Maine Center for Disease Control and Prevention (Maine CDC) is working to identify several individuals who may have been exposed to rabies through the handling of a rabid bat in Bangor.
Maine CDC is investigating the circumstances of the potential exposure, which occurred during the weekend of March 16 and 17. The live bat was found in the vicinity of the Shaw House, a youth shelter in Bangor. It was passed among several individuals who handled it with their bare hands across several locations in the Bangor area. The bat later tested positive for rabies at Maine's Health and Environmental Testing Laboratory. Those who had direct skin contact with the bat, and did not wear gloves or use a cloth or other barrier, are at risk of acquiring rabies.
Bats that exhibit unusual behavior, such as being easily approached, active during the day, or unable to fly, could be infected with rabies.
Rabies is fatal, but preventable if treated without delay after exposure. Individuals who had direct skin contact with the bat should start rabies prophylaxis as soon as possible. Rabies prophylaxis includes two different injections: Rabies Immune Globulin (RIG) and the rabies vaccine.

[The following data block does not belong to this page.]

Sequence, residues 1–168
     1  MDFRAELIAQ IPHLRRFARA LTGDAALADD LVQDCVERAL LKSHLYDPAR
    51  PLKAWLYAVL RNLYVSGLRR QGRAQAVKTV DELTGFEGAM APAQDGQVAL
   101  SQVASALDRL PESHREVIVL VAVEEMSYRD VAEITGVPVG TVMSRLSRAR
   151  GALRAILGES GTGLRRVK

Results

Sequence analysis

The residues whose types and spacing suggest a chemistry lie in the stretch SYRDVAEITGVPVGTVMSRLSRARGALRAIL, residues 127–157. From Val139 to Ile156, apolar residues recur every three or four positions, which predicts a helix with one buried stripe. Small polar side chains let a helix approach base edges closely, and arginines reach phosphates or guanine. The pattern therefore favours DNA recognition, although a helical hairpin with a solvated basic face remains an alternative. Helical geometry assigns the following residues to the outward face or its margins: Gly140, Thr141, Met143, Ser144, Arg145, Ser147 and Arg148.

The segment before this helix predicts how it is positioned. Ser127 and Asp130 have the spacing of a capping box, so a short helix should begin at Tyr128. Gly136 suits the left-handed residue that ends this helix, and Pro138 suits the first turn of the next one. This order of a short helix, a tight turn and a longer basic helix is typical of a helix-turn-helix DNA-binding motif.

Rabies is spread when infected animals bite or scratch another animal or person. The virus can also be spread if saliva or tissue from the brain or spinal cord gets into broken skin or the mouth, nose, or eyes.
Maine CDC requests that anyone who had direct skin contact with a bat in the Bangor area during the weekend of March 16 and 17 contact their healthcare provider to discuss the risks and determine if they need prophylaxis. Individuals may also contact Maine CDC directly at 1-800-821-5821.
Only those who handled the bat with bare hands are at risk for rabies. There is no risk to the general public in the area where the bat was found among those who did not touch the animal.
To help prevent the spread of rabies, never touch a wild animal or any animal that you do not know.
For more information:
- Maine CDC's Rabies webpage www.maine.gov/dhhs/rabies
- Maine CDC's disease reporting and consultation line 1-800-821-5821